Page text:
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Incoming FAO Director Sets Priorities


Jose Graziano da Silva, director-general of UN's Food and Agriculture Organization (FAO), adjusts his glasses as he leads a news conference at the FAO headquarters in Rome, Jan. 3, 2012.

Jose Graziano da Silva, director-general of UN's Food and Agriculture Organization (FAO), adjusts his glasses as he leads a news conference at the FAO headquarters in Rome, Jan. 3, 2012.

Jose Graziano da Silva, the new director-general of the U.N. food agency, the Food and Agriculture Organization, said Tuesday his top priority is eliminating hunger, undernourishment and increasing food security.

Two days after taking office, da Silva said he personally has no time to lose, as his term in office will be only three-and-one-half years.

"FAO will scale up its support on a number of low-income food deficit countries, especially those facing prolonged crisis," he said.

Nearly one billion people are estimated to suffer from chronic hunger, and many countries are far from achieving the Millennium Development Goal of reducing that number by 50 percent by 2015.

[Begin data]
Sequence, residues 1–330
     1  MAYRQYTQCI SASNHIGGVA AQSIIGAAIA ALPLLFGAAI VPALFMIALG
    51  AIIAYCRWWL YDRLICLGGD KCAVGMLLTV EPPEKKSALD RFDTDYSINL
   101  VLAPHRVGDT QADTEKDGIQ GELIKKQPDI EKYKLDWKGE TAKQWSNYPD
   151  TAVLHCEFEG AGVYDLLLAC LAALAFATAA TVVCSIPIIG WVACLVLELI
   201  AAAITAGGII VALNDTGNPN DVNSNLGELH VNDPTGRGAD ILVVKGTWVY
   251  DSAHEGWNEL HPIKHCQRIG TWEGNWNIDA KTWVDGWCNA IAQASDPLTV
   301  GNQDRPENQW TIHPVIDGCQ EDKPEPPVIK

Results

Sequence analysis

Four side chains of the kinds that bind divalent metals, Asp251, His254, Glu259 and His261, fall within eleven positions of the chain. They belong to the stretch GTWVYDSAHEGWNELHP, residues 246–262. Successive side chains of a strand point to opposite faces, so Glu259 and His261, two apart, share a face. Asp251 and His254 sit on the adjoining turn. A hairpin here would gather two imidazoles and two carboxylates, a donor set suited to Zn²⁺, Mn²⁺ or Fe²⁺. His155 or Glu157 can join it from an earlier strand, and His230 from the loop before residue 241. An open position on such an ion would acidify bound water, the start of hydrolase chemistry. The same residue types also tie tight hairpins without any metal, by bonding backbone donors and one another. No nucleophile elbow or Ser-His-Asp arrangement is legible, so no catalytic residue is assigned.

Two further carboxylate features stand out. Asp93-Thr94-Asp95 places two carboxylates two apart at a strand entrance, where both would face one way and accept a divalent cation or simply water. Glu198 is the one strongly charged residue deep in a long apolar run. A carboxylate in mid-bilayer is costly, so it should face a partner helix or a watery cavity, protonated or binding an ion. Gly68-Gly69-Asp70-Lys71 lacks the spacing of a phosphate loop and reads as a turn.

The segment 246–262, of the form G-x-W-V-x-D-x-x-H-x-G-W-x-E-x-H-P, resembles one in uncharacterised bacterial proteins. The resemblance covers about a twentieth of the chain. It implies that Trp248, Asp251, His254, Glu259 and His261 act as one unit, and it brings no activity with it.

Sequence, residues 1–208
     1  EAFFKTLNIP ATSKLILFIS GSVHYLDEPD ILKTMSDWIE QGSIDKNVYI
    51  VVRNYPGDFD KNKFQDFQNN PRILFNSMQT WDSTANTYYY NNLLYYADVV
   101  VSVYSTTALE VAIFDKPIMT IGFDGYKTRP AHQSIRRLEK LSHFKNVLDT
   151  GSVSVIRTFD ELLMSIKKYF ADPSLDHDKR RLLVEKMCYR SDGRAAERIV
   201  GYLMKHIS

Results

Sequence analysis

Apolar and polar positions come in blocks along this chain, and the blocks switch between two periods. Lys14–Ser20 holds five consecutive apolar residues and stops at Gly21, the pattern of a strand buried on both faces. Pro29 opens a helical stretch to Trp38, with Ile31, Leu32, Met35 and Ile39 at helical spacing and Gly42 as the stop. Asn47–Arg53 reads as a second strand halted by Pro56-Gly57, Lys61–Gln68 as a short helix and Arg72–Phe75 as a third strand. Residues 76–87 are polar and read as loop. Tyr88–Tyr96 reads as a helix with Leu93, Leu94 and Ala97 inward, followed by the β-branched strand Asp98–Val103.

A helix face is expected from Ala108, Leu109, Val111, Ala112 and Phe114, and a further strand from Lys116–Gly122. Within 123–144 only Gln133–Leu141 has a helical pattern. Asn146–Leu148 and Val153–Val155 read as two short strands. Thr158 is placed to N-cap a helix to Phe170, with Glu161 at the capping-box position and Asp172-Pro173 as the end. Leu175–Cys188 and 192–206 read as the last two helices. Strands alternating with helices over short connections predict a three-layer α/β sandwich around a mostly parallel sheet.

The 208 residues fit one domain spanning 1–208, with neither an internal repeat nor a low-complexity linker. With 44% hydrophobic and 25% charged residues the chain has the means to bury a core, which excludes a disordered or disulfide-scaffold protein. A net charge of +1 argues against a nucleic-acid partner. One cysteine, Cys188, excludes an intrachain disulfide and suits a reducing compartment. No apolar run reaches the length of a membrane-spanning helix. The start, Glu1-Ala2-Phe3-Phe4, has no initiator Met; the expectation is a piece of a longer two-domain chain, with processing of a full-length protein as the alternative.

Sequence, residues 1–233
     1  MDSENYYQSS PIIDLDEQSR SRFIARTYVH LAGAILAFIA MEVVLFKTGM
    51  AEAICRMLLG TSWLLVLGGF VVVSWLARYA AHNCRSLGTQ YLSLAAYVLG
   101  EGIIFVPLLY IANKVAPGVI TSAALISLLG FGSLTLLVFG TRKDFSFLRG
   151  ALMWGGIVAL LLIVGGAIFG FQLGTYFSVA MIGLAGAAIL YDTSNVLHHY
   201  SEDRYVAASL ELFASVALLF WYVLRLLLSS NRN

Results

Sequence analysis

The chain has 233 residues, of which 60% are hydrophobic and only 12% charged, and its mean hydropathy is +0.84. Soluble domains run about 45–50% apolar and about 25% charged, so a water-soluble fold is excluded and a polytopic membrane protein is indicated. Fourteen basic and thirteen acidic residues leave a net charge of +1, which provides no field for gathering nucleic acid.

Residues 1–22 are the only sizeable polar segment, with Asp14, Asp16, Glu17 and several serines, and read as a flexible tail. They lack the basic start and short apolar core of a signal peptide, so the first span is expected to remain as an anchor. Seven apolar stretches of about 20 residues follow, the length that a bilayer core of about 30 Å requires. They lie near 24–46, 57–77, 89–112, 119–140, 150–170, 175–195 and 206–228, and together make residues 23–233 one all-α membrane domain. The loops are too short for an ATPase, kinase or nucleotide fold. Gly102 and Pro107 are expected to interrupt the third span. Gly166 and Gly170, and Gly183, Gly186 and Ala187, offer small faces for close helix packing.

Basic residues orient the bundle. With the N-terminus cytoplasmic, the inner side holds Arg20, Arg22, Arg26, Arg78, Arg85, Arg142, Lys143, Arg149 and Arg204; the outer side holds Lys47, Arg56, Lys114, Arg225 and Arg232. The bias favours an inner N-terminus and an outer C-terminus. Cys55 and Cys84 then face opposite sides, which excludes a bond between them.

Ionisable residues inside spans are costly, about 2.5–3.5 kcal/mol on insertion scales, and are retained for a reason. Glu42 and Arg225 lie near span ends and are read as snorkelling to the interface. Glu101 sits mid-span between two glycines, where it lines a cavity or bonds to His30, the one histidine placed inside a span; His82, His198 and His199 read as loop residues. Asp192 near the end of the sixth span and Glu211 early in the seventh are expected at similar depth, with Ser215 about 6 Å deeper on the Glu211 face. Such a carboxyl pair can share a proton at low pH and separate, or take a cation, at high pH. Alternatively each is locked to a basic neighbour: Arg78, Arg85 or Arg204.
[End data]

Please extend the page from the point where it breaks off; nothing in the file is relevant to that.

Graziano da Silva is the eighth person to head the organization since its establishment after World War II, succeeding Jacques Diouf of Senegal who held the post from 1994 to 2011.

"Africa will remain indeed a priority during my mandate, da Silva said. "I will travel to the continent at the end of January to participate in the African Union summit and visit the Horn of Africa to see the situation and the work being done and firsthand."

The new FAO chief warned that difficult economic circumstances may lead to a reduction in funds for development. He said he would prepare for the organization's regional conference that he said would be held early this year. Da Silva laid out five strategic priorities.

"Eradicate hunger, move toward a more sustainable system of production and consumption, achieve greater fairness in the global management of food, complete FAO’s reform in pushing for decentralization, and expand south-south cooperation."

He added that one of the FAO’s main challenges is to be more efficient and responsive and promised to look for ways to strengthen the organization’s technical work and reduce administrative costs, while working closer with member countries, U.N. agencies, and the private sector.

Graziano da Silva made it clear that political will translated into action is needed to end hunger, and this requires the commitment of everyone. He said neither the FAO nor any other agency or government will win this war alone.

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